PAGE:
Another simple but sumptuous way to enjoy fresh trout fillets and presentationally a meal fit for a king.
To produce a really beautiful end result you will need top quality large D-cut fillets such as those below. Strangely these aren’t as mainstream as the smaller fillets but are increasingly available in fishmongers and some supermarket fish counters. I’d love to know if your fishmonger/ supermarket supplies them, and if not what their reasoning is.
Email me at firstname.lastname@example.org with details of your enquiry & response and in return you will receive 10% off your next smoked trout order from Moffat Water Foods (www.moffatwaterfoods.com).
To serve x4 people you will need…
4 large trout fillets
4 tbsp soy sauce
4 tbsp rice wine
4 inch section of fresh ginger
4 fresh lemongrass stalks
1 bunch spring onions
Spring Onion Mash
4 large potatoes
1 bunch spring Onions
Ample Butter & Milk
Juice of a whole lemon
Leeks or a vegetable of your choice, ideally with a clean taste to help balance the savoury teriyaki and rich mashed potato.
Step One: Preparation
First prepare the base of your sauce by finely chopping your ginger, lemon grass and spring onions.
Next season your trout, either with a simple seasoning of salt and pepper or if you feel more adventurous a commbination of other herbs and spices. My enterprising husband found an ingenious product called Herby Fish Rub from Spicentice which is a pre-prepared mixture of coriander, parsley, dill, fennel, garlic, onion, lemon peel and ginger – this is what I’m sprinkling over the trout fillets below – and it worked fantastically. Equally, any mixure of the above or similar herbs and spices would be just as good.
Step Two: The Sauce
Mix your soy sauce, rice wine and pre-chopped ginger, lemon grass and spring onion in a small saucepan and simmer gently until the sauce has reduced and the consistency is slightly syrupy. Leave to one side.
Step Three: The Spring Oinion Mash
Peel, chop, boil and mash your potatoes as you would for regular mashed potato, perhaps adding a little more milk than normal to ensure a light and fluffy mash. To save on elbow grease I also finish off with a hand-held electric blender to completely eradicate any lumps and bumps.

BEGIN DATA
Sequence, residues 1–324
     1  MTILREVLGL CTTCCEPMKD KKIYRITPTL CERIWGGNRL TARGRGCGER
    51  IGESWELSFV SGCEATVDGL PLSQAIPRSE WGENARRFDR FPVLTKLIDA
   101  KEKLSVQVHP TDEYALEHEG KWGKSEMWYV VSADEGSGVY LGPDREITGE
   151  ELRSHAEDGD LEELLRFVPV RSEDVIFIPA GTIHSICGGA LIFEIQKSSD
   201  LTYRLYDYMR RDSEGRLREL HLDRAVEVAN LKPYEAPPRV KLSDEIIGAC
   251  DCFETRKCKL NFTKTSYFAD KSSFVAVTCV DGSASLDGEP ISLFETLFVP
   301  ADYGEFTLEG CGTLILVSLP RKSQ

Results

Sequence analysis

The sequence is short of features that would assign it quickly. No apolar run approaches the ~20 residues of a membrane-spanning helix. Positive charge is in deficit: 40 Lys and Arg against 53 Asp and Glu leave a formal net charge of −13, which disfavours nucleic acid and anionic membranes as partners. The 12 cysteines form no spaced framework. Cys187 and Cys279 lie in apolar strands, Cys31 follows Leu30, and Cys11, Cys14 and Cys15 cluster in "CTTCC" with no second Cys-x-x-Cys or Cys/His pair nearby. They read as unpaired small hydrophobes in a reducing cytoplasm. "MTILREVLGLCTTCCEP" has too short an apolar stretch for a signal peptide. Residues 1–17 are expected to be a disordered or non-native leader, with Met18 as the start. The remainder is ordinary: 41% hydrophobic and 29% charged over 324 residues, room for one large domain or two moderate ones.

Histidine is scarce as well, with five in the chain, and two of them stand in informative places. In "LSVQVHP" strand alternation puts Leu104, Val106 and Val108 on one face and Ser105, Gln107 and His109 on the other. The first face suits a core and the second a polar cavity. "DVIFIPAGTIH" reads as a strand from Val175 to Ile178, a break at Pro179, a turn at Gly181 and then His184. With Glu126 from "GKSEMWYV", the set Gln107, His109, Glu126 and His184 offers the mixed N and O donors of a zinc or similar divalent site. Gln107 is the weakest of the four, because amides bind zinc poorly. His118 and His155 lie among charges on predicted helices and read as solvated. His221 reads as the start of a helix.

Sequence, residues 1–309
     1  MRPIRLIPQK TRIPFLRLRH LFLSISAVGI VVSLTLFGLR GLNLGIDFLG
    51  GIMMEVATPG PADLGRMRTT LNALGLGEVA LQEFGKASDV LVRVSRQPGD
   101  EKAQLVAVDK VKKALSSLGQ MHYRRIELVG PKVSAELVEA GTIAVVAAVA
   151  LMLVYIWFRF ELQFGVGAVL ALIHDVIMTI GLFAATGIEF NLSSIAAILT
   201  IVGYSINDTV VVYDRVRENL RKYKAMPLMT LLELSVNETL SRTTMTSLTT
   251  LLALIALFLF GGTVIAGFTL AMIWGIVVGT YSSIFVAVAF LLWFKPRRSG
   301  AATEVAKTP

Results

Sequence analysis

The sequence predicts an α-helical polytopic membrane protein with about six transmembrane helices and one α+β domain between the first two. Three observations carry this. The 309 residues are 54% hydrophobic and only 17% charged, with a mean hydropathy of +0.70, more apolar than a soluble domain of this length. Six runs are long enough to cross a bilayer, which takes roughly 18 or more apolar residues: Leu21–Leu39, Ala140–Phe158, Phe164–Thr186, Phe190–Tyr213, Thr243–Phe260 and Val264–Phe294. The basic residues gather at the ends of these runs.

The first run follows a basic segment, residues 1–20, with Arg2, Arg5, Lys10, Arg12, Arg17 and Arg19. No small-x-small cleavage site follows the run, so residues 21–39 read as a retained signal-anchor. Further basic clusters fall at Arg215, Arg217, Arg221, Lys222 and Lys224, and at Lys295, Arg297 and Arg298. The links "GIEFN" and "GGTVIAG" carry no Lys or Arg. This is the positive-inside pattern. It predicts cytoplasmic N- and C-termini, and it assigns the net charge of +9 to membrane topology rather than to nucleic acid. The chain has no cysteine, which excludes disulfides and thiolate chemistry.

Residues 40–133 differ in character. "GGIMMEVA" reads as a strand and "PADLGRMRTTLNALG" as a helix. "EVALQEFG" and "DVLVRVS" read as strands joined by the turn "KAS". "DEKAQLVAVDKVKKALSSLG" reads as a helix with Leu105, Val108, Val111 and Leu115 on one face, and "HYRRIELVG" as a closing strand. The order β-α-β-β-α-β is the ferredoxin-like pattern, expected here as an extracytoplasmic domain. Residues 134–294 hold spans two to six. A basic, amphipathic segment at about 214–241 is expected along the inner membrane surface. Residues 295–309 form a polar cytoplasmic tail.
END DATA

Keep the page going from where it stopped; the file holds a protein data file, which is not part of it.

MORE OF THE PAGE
(Note: I did once attempt to push the mash through a sieve but failed dismally; not only did none of the mash want to go through the sieve but I also ended up with more mash on myself and my apron than anywhere else. Has anyone else had a similar experience?)
Next finely chop the remaining spring onion and gently fry over butter in a non-stick frying pan.
Once soft but not yet browning add the spring onion and lemon juice to the mashed potato. Mix in well and leave to one side.
Step Four: Grill the Trout Fillets
Pre-heat a non-stick frying pan with a small amount of olive oil.
Add the trout fillets skin down (you should hear a satisfying sizzle as the fillet skins hit the olive oil) and pour the sauce over the fillets, using a plastic or wooden spoon to pile the chopped ginger, lemon grass and spring onions onto the top of the fillets so that they don’t burn in the saucepan.
Watch as the deep pink of the raw trout gives way to the lighter pink of the cooked trout as the heat rises up through the fillet (this may take anything from 6 to 15 minutes depending on the heat of your frying pan).
Step Six: Prepare your Vegetables
If using leeks as I did then I would recommend chunky slices and a light steaming to allow the leeks to retain both their shape & texture as well as their clean crisp taste.
Step Five: Serve to Oohs and Aahs
If neccessary re-heat your mashed potato.
Arrange your mashed potato, leeks and trout fillets on pre-heated plates, then spoon your remaining sauce over the fillets. Add a slice of lemon and/or sprig of parsley or coriander for the essential garnish and enjoy each and every mouthful.
Marks Out of Ten
7/10 for ease of preparation
(nothing technical but a fair amount of chopping and I also always find mashed potato takes me longer than expected)
10/10 for taste and enjoyment
6/10 for health and slimming
(mashed potato is never a winner on the slimming front)